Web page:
Said a Ministry Of Justice statement.

This refers to Warren Blackwell, who was imprisoned for three and a half years for a crime he didn’t commit and is about the compensation he is going to receive, thought to be about £100k, which will be deducted almost £7000 for expenses he would’ve saved on, stuff like rent and food, whilst in prison.

Did you notice the Doublespeak that goes with the Orwellian name of Ministry of Justice:

  • “…wrong to refer to the deductions as ‘Bed & Breakfast’
  • “…would have to pay…such things as a mortgage or rent”

    The Ministry of Justice has done an assessment and come to this figure, and will make the deduction because the compensation is “to put an individual back into the financial position they would have been in but for the miscarriage of justice, but not to a better position.”

    Now, I do not know Warren, so I don’t know whether he was employed or not or what his finances were when he went into prison, but I do know that he is married and has a 7 year old son. His wife has still had to pay a mortgage/rent, that doesn’t reduce when one less person is living there. How could the MoJ predict what Warrens employment status could’ve been during those 3.5 years of imprisonment? Three and a half years is a long time, most people do not know if they will still be with the same company in three and a half years time, or unemployed, etc so how the bloody hell is the Govt. supposed to know?

    Mr Blackwell couldn’t have been in prison, and yet he is having to reimburse the Govt. for his stay. The people who put themselves in prison by committing crimes do not have to pay a thing. If that is the way the Govt. wants to go, why not introduce two new schemes, Pay as You Go for occasional sinners, who will have a short stay every few years and Pay Monthly for the biggies that do years.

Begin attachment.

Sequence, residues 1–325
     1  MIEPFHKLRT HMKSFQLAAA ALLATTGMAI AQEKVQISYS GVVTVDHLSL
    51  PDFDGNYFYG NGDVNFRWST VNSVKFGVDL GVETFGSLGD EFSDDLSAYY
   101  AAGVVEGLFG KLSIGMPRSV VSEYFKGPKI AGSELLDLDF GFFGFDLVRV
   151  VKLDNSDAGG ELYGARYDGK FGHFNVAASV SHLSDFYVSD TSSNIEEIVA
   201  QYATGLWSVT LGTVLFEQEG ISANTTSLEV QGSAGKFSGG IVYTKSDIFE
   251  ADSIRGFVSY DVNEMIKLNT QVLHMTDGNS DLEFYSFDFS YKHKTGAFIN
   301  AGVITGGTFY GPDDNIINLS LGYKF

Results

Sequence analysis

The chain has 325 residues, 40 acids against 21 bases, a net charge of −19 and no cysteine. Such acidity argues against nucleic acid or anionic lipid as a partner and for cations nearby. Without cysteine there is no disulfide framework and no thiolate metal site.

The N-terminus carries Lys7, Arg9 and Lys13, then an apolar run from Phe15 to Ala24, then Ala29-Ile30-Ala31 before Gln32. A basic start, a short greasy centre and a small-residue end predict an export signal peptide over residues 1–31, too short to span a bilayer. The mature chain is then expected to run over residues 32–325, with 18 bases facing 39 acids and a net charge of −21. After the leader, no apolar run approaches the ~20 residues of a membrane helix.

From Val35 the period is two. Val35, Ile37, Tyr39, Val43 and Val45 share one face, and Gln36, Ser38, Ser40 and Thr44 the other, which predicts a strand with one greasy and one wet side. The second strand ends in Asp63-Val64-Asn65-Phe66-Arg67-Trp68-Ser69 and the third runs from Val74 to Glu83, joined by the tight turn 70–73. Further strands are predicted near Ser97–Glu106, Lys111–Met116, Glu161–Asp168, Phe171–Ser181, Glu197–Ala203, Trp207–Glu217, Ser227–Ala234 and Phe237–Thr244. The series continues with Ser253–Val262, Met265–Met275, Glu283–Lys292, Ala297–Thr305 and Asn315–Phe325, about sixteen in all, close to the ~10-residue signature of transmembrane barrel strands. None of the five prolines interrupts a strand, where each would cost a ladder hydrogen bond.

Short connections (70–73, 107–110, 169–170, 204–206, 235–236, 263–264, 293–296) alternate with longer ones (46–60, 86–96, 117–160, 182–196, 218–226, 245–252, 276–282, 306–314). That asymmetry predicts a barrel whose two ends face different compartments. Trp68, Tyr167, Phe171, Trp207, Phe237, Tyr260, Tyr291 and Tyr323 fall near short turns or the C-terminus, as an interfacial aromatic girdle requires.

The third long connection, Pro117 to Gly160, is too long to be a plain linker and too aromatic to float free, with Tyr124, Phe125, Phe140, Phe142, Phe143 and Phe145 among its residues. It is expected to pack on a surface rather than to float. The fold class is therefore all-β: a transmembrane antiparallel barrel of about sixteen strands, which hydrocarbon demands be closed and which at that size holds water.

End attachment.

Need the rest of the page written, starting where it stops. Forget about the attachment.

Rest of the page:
There is also no mention of anything to compensate Warren for missing out on three and a half years of his son growing up, who was 3 when Warren went into prison, and is now 7. Those years can never be replaced or returned and children change so quickly at that age that money cannot ever help to undo the loss, but it would be a gesture.

    On a related note, Mr Blackwells accuser remains anonymous and has a history of falsely accusing men:

  • Has made at least five other fake allegations of sexual and physical assault to police in three separate forces.
  • Was married twice and made false allegations against both husbands – one of whom was a policeman.
  • Once accused her own father of sexual assault, but police concluded she had made it up.
  • Accused a boy of rape when she was a teenager, only for a doctor to discover she was still a virgin.
  • The CCRC concluded that in the case of Mr Blackwell, she had “lied about the assault and was not attacked at all, her injuries being self-inflicted”.

    Whilst this lady obviously has some mental problems, and Warrens has had a (relatively) good outcome, it is often not the case and the man has his life ruined and the woman remains anonymous.

    Related Post: Obsolete – Injustice Multiplied Part Two


  • Where Am I?

    You are currently browsing the law and legal category at Sim-O.